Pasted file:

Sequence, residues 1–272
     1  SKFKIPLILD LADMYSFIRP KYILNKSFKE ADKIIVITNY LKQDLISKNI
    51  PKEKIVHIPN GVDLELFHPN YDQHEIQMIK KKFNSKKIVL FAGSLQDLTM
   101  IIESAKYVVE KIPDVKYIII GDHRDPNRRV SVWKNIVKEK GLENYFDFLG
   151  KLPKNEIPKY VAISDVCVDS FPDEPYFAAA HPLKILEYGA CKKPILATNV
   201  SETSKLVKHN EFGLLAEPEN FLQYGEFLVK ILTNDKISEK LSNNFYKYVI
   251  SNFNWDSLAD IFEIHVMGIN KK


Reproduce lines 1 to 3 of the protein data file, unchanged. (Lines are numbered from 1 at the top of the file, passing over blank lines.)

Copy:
Sequence, residues 1–272
     1  SKFKIPLILD LADMYSFIRP KYILNKSFKE ADKIIVITNY LKQDLISKNI
    51  PKEKIVHIPN GVDLELFHPN YDQHEIQMIK KKFNSKKIVL FAGSLQDLTM